Cass Sunstein’s Free Speech Awakening

Earlier this month, prominent Harvard Law School professor and former Obama administration official Cass R. Sunstein lambasted President Trump for his “assault on the First Amendment.” At issue was Trump’s foolish, boorish and unsuccessful attempt to prevent publication of Fire and Fury, Michael Wolff’s highly critical book about the Trump administration.

In a fine article published in Bloomberg View and republished elsewhere, Sunstein quotes James Madison’s observation that government meddling in free speech, above all other transgressions, “ought to produce universal alarm.”

Yet there’s irony in the fact that Sunstein himself has a long history of arguing vigorously for government meddling in free speech. In fact, he wrote a whole book on the subject, Democracy and the Problem of Free Speech. First published in 1993, the book calls for regulation of speech and writing that, to his way of thinking, fails to serve the public good. Government, he argues, should actively regulate media to promote diversity, inclusion and other values, in the name of “encouraging the creation of a civic culture.”

In a chapter titled “Does the First Amendment Undermine Democracy?” Sunstein outlines possible remedies including forcing newspapers to publish replies to articles, diminishing the role of advertising in media, and using taxpayer money to subsidize newspapers that “agree to cover substantive issues in a serious way.” Those words may be 25 years old, but as recently as last month Sunstein praised as “illuminating” a book by a University of Richmond law professor suggesting that the Founders never intended free speech to be quite as free as it is today. Which would, presumably, open the door to just the sort of regulation Sunstein has long favored.

The differences between Cass Sunstein and Donald Trump are many and stark, to be sure. Sunstein is a Democrat and Trump is a Republican. Sunstein is sophisticated, well read and erudite and Donald Trump is, well, Donald Trump. Yet their underlying arguments have a similar ring. Both say they only want what’s fair and good for the country, and that clamping down on bad actors in the media would actually enhance freedom. It has to be said: If letting Donald Trump choose who gets to publish books is a terrible idea—and it is!—imagine the assault on freedom when Cass Sunstein’s bureaucrats start deciding which journalists are or aren’t presenting the news “in a serious way.”

The rise of Trump should, if nothing else, cause Sunstein and other would-be reformers to recognize the danger of bad precedents, embrace the First Amendment in its broadest terms and, once and for all, reject the idea of giving people in government the power to control or interfere with free speech.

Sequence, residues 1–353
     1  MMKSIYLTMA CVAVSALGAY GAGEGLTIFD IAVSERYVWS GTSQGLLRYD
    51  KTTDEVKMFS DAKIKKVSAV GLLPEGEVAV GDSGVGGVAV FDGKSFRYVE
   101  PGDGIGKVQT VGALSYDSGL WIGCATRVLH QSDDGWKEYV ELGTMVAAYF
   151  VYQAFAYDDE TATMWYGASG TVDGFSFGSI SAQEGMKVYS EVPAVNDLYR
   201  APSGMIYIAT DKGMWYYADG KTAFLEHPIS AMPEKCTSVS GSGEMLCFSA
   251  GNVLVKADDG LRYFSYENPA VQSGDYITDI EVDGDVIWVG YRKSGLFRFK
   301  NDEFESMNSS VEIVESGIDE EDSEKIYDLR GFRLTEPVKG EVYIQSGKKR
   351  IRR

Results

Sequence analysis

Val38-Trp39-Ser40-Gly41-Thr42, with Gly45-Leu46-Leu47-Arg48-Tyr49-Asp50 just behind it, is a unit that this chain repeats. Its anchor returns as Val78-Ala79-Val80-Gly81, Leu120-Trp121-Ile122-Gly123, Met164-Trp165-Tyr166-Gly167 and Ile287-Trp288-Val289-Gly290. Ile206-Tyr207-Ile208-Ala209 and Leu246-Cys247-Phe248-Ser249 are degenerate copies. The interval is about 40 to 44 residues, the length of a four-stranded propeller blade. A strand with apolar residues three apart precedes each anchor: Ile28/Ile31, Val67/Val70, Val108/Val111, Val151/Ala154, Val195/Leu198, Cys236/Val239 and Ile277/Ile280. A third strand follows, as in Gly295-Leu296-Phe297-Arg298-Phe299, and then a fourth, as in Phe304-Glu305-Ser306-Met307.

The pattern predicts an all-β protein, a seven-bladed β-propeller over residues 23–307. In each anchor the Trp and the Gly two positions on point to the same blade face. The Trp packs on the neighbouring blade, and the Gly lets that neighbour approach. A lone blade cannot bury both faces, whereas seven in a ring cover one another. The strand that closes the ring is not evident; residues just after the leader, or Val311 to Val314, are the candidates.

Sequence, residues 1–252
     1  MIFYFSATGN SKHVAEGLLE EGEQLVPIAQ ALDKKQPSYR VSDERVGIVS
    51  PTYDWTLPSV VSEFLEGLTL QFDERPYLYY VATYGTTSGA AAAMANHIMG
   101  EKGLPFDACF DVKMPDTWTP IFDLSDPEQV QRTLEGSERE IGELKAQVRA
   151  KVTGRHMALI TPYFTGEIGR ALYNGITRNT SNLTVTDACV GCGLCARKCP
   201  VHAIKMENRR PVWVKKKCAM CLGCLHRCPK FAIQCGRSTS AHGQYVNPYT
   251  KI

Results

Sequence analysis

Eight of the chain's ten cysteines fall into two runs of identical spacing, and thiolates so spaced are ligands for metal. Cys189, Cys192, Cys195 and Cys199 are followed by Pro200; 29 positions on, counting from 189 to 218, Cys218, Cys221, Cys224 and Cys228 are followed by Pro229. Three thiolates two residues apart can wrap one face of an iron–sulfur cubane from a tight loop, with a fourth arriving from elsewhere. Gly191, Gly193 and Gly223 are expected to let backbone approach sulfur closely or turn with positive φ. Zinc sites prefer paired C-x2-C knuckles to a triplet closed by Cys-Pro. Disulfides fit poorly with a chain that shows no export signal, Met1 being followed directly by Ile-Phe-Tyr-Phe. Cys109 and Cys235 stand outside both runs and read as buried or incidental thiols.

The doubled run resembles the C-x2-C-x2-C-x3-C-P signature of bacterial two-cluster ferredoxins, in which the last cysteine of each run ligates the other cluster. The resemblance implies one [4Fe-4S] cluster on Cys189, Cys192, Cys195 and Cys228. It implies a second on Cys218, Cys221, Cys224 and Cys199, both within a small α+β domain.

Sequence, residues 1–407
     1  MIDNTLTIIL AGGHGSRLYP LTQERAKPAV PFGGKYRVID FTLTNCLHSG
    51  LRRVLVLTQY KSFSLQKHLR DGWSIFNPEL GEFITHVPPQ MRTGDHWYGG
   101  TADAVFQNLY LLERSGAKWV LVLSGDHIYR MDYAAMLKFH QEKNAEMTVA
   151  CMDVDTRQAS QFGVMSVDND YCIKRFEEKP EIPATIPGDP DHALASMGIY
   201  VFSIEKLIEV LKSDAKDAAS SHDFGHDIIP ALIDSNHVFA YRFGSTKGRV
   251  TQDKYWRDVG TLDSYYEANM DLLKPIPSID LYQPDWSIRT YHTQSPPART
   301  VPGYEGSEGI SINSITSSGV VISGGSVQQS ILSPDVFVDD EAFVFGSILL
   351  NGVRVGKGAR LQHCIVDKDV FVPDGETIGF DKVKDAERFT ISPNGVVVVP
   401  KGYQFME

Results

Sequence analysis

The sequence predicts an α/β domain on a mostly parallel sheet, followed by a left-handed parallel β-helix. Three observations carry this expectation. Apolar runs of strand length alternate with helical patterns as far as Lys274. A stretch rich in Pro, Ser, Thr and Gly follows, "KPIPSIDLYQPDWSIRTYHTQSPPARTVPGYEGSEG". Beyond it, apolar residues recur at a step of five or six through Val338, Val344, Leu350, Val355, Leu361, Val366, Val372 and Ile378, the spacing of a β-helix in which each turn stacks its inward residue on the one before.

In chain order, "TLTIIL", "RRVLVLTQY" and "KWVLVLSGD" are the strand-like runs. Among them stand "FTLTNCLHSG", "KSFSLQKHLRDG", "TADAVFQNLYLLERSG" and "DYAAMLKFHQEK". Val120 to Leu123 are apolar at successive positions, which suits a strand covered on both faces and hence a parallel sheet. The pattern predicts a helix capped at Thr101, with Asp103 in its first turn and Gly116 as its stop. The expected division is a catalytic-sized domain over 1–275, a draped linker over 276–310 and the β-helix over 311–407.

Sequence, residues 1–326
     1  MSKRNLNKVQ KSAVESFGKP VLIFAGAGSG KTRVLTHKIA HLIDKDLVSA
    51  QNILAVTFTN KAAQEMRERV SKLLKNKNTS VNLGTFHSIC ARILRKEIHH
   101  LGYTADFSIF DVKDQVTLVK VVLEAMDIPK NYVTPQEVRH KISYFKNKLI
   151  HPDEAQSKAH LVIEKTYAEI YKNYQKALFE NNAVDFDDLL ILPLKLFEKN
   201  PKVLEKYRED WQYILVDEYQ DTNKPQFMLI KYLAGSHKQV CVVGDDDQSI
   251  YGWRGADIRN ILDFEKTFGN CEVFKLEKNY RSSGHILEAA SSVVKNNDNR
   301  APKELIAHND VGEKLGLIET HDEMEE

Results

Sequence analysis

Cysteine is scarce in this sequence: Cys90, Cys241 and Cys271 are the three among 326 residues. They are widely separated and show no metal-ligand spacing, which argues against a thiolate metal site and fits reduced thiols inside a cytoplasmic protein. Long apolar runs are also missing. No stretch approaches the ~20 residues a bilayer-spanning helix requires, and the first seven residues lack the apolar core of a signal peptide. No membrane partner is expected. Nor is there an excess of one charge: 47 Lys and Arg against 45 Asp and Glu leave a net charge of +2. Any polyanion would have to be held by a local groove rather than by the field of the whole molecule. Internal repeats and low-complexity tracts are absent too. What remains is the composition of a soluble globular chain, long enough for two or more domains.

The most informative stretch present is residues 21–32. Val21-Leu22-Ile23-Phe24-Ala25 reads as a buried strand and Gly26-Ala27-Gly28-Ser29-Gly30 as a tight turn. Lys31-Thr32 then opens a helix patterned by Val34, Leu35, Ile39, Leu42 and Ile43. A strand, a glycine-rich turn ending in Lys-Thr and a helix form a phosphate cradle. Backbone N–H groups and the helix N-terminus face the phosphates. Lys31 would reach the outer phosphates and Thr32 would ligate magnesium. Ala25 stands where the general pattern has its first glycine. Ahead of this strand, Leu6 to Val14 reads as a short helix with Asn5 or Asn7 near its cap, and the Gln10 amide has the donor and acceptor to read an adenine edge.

First Down, First Amendment: The NFL and Free Speech

After months of violent street protests across the nation, and with college campuses seeming to have lost their will to defend unfettered debate, the most salient free speech lesson this season comes to us courtesy of professional football.

The sight of players kneeling during our national anthem understandably evokes strong, emotional reactions. But that’s the thing about free speech. Whenever our most precious right makes the headlines, it’s because someone has said or done something that someone else finds deeply offensive.

Whether you see those National Football League players as coddled millionaires disrespecting our sacred symbols and institutions, or as principled young men courageously demonstrating against racism (and there are solid cases to be made for both positions) step back and you’ll see a textbook case in how free speech is supposed to work.

First, President Trump blew the lid off a long-simmering controversy by urging NFL owners to fire any “son of a bitch” who refuses to stand for the anthem. Let’s keep in mind that in many countries, a “suggestion” by the head of the government is the same thing as a command. Yet the response from the football community (including normally reserved coaches and owners) was one of widespread condemnation of the president, and defense of the players.

Broadcasters joined in. Hall of Fame quarterback Terry Bradshaw, now an announcer for Fox Sports, questioned whether the president quite understands the Constitution he is sworn to protect. And while kneeling during the anthem is against NFL rules, the league has thus far declined to discipline or fire players for doing so.

Fans have exercised their right to boo or cheer as they see fit. Many have turned off their televisions, burned souvenir uniforms, and sworn to boycott future games. Attendance and viewership are down this year. These reactions, too, are well within the bounds of reasonable expression. Freedom of speech does not mean freedom from consequences.

Everybody, it seems, has shared heartfelt opinions, but so far there has been little evidence of violence or even the threat of violence to intimidate others into silence. Thus the practitioners of one of our most violent games—often cited by detractors as evoking our most brutal characteristics as a nation—have taught everybody a lesson in peaceful dissent and debate.

And when the anthem ends they all go out and play football.

To some, the kneeling controversy represents a low-point for the country. The Wall Street Journal captured this sentiment in an editorial lamenting that the dispute represents “a very unhealthy level of polarization and mistrust.”

I disagree. We may love or hate the individual opinions being expressed. But as free speech debates go, this one is about as healthy as it gets.

Note: See the terrific new site First Amendment Watch for a detailed look at where the NFL kneeling controversy and similar protests fit in the long history of American dissent dating to Revolutionary times.

The Power of the Perfect Manhattan

I start most restaurant meals by asking for a perfect Manhattan, Maker’s Mark, twist of lemon, no cherry. Straight up, of course—a Manhattan on the rocks is like asking the chef to poke a hole in your soufflé.